In Lystra Paul and Barnabas encountered a man that had been crippled since birth; he had never been able to walk. Paul noticed his expression as he listened and could tell that the man “had faith to be healed.” I think this would have to have been a revelation to his spirit by the Holy Spirit. Paul spoke loudly and told the man to stand up on his feet, and immediately the man leaped up and walked! The people that saw this recognized it as a mighty miracle, and concluded that Paul and Barnabas were “gods” in the form of men; they identified Barnabas as Jupiter and Paul as Mercury (messenger god of Jupiter) since he was the main speaker. Since the people were speaking in Lycaonian, it seems that Paul and Barnabas didn’t fully comprehend what was happening until the priest of Jupiter came out to offer sacrifices before them at the gates of the city.
Interesting explanatory note from Guzik: “The people of Lystra had a legend that once Zeus and Hermes visited their land disguised as mortals, and no one gave them any hospitality except for one older couple. In their anger at the people, Zeus and Hermes wiped out the whole population, except for the old couple. This may help explain why the Lystrians were so quick to honor Paul and Barnabas.”
Acts 14:14 Which when the apostles, Barnabas and Paul, heard of, they rent their clothes, and ran in among the people, crying out,
Acts 14:15 And saying, Sirs, why do ye these things? We also are men of like passions with you, and preach unto you that ye should turn from these vanities unto the living God, which made heaven, and earth, and the sea, and all things that are therein:
Acts 14:16 Who in times past suffered all nations to walk in their own ways.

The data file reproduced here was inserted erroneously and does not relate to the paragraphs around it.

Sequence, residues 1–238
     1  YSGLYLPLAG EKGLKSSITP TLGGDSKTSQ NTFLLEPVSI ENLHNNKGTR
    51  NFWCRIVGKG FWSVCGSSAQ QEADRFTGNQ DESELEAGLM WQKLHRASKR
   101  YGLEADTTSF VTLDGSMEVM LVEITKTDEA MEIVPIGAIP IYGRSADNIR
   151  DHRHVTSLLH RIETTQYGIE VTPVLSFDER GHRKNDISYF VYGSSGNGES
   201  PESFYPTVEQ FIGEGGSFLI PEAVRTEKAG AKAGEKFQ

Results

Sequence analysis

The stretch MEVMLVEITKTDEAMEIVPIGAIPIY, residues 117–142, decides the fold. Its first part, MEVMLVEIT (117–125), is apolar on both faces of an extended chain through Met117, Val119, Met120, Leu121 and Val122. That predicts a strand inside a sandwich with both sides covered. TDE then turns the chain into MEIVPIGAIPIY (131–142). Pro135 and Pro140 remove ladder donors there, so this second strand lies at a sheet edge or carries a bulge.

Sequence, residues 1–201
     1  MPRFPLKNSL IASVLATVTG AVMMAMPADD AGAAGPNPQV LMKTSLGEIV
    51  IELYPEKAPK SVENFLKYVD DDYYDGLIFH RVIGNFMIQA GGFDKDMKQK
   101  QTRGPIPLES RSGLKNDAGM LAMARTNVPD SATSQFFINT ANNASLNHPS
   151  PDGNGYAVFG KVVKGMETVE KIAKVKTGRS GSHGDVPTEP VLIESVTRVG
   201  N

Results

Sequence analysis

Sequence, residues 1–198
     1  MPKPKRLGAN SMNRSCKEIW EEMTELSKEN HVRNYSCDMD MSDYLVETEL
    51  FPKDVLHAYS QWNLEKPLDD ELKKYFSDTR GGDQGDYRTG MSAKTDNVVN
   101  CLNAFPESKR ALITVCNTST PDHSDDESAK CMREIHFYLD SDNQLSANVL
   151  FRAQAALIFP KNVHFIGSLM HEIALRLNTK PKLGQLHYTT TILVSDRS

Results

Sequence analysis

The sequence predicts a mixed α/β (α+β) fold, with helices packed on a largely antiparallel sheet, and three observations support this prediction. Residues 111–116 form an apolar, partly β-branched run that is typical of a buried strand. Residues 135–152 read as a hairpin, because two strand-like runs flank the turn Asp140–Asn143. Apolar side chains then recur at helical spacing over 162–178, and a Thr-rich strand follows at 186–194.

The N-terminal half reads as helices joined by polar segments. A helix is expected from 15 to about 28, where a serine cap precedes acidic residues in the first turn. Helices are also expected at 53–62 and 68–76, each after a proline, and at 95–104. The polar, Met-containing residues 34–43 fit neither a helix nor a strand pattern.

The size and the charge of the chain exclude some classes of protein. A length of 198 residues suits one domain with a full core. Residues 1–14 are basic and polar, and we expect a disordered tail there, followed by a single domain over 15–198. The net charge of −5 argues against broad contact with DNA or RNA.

Acts 14:17 Nevertheless he left not himself without witness, in that he did good, and gave us rain from heaven, and fruitful seasons, filling our hearts with food and gladness.
Acts 14:18 And with these sayings scarce restrained they the people, that they had not done sacrifice unto them.
Once Paul and Barnabas realized what was happening, they tore their clothes as a sign against such blasphemy and ran out to put a stop to what was happening. They told the people in no uncertain terms that they were not gods; they were only men. They basically told them that they should turn away from belief in their impotent false gods to “the living God,” the creator of heaven and earth and everything in them. They added that although God had allowed men to live according to their own choices, He had not left Himself without a witness to His sovereignty and goodness throughout creation—providing rain from heaven, crops in their seasons, and many blessings to fill both tummy and heart. They barely kept the people from sacrificing unto them despite their strong protests against it.
I think it is important to note how important it was to Paul and Barnabas to turn all attention away from themselves toward God. It seems that there are far too many “pastors” and leaders in the church today that are far more interested in directing the attention toward self.